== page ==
As politicians continue to trade barbs over the merits of renewable energy versus coal-fired power generation, missing from the debate these days has been the role of gas.
Just five years ago, gas was acclaimed as the perfect fuel to transition the country from reliance on coal to renewables.
It has long been touted as the holy trinity of energy - it's reliable, it's cleaner than coal, and it's affordable - well, it used to be.
As the closure of the Hazelwood coal-fired power station in Victoria next month approaches, debate around Australia's energy security is intensifying, especially after the recent blackouts and price spikes in South Australia and Queensland.
Early this month, Prime Minister Malcolm Turnbull said increasing gas supply was "vital for our energy future".
So why didn't gas take its place as Australia's transition fuel?
We have some of the world's biggest gas deposits; by 2021, we're set to become the world's top exporter of liquefied natural gas, or LNG, overtaking Qatar.
Soaring demand from countries including Japan, China and Korea - which are used to paying higher prices for their gas - drove some of Australia's biggest oil and gas companies, including Santos and Origin, to develop coal seam gas in Queensland, investing $200 billion along the way, including the construction of three massive export terminals off the coast at Gladstone.
The Grattan Institute's energy program director Tony Wood believes the development of coal seam gas in Queensland probably wouldn't have happened at the same speed - and perhaps not even at all - if Australia's gas market had not been opened up to exports, given how small the domestic market is.
But the development had some unintended consequences.
"It connected Australia's gas market, which had been very low price, to the international market, where those high Asian prices meant that consumers in Asia were prepared to pay more for our gas," Mr Wood said.
"That meant inevitably that the domestic gas price was going to rise ... of the order of twice as much as domestic gas consumers had been paying for the last several decades."
Queensland gas production not meeting LNG export demand
Bruce Mountain, an energy economist and director of the consultancy Carbon + Energy Markets, observed that no one predicted just how big the appetite for Australian gas would be once the Queensland gas boom kicked into gear.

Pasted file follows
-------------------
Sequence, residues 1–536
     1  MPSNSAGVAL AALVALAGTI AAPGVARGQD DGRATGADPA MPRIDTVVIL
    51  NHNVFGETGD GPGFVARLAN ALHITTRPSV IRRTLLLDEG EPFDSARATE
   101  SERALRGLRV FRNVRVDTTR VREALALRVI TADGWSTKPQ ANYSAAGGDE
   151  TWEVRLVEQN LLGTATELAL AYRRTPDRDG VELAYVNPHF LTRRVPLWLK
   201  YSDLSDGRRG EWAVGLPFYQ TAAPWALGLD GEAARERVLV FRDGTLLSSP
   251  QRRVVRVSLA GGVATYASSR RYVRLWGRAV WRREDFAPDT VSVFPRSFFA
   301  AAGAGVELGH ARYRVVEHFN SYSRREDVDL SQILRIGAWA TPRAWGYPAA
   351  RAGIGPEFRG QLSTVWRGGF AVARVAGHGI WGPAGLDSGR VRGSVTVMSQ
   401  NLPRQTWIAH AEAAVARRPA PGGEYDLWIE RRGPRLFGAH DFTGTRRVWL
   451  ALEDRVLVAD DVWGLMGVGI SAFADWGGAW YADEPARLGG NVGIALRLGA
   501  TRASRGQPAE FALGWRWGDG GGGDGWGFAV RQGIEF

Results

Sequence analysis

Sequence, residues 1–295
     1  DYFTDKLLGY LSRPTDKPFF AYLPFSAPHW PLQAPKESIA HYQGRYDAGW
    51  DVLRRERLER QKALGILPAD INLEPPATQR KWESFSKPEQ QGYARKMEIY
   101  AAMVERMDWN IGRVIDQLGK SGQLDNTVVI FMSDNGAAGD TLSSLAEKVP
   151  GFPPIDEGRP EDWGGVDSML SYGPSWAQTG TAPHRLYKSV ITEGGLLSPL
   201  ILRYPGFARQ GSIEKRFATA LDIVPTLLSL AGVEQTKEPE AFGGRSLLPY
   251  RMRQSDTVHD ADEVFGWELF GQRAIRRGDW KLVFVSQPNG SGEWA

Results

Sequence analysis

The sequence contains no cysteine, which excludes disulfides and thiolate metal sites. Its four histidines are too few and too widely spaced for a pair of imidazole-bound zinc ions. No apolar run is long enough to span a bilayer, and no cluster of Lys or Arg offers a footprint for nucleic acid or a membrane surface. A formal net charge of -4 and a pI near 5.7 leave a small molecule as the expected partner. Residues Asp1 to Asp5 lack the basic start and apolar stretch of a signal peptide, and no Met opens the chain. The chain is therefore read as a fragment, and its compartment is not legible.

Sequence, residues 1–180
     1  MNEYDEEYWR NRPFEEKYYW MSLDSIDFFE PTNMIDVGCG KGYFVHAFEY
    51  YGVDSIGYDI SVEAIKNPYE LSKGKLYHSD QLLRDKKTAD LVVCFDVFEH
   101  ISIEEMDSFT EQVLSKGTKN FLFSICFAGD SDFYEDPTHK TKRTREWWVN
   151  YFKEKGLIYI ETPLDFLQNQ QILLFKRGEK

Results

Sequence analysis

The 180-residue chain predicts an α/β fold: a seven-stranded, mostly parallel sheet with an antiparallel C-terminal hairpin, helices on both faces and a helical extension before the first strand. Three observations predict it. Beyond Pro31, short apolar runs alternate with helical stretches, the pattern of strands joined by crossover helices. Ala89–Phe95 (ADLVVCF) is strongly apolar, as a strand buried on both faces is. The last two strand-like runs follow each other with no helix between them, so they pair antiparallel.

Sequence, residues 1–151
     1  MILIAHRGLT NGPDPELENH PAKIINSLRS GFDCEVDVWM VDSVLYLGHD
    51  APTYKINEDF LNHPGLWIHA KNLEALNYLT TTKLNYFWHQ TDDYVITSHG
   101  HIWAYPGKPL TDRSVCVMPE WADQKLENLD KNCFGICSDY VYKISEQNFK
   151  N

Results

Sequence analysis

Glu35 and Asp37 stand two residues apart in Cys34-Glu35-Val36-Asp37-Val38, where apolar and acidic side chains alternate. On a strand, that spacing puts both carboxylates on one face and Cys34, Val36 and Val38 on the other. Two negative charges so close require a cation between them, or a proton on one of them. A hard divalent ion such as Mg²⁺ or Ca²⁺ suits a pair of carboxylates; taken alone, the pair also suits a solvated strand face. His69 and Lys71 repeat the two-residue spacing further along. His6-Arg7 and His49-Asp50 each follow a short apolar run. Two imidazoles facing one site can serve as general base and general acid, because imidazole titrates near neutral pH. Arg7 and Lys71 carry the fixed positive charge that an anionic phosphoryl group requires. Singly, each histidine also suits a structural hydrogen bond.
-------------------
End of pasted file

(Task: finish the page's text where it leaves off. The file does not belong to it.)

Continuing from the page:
"When the LNG plants were planned it was foreseen that coal seam gas in Queensland would account for a much greater proportion of the gas to be exported," Mr Mountain said.
"What we've found is the production from those fields is not sufficient to meet the demand and, as a consequence, the existing gas reserves in the Cooper Basin and the Gippsland Basin and offshore basins are being exported, and that's meant a very sizeable increase in gas prices."
So as much gas as possible is being siphoned off to satisfy demand from our Asian neighbours who, like us, are looking for cleaner, stable energy sources.
The prices paid by energy users, such as companies and households, are higher because they're linked to the global market.
But the introduction of the carbon price in mid-2012 made gas more competitive as it boosted the price of high emissions fuels like coal, noted Malcolm Roberts, the chief executive of oil and gas lobby, the Australian Petroleum Production and Exploration Association.
"Coal is a very cheap fuel, gas is a little bit more expensive, so without a carbon price or some form of constraint gas is not as competitive against coal," Mr Roberts said.
"The assumption had always been that, over time, gas-fired generation would provide more and more of that reliable power - particularly baseload power - that we need.
"It would replace coal, reducing emissions from the generation sector."
The carbon price lasted just two years until it was axed in 2014.
Since then, coal generation has risen and gas generation is down and, in the meantime, some states have banned or limited gas development, especially for so-called unconventional gas, such as coal seam gas.
Gas may become 'far more important in coming decades'
After last year's blackout in South Australia, the Federal Government set up an independent report into the Future Security of the National Electricity Market, led by chief scientist Alan Finkel.
His preliminary report, released late last year, warned: "Additional gas supply is urgently needed but the domestic supply is constrained by international LNG demand, state and territory moratoria, low rates of exploration and pipeline capacity shortages. This is adding to price pressures."
Now, calls are growing for a portion of Australia's east coast gas to be set aside or reserved for domestic use.
Western Australia already does this and, last month, Queensland earmarked any additional gas produced from new exploration ground in the Surat Basin for domestic use.
But the Federal Government opposes the idea, as does the gas industry - instead they're calling for an end to the state limits on coal seam gas exploration.
Mr Wood said while gas may no longer have a role as a transition fuel, due to the absence of any kind of price on carbon, it will still be crucial as a source of reliable power at times of peak demand.
"It could be the role of a gas generator to be able to come on quickly and balance an increasing proportion of renewable energy," he said.
"That may be far more important to Australia's energy security in the coming decades."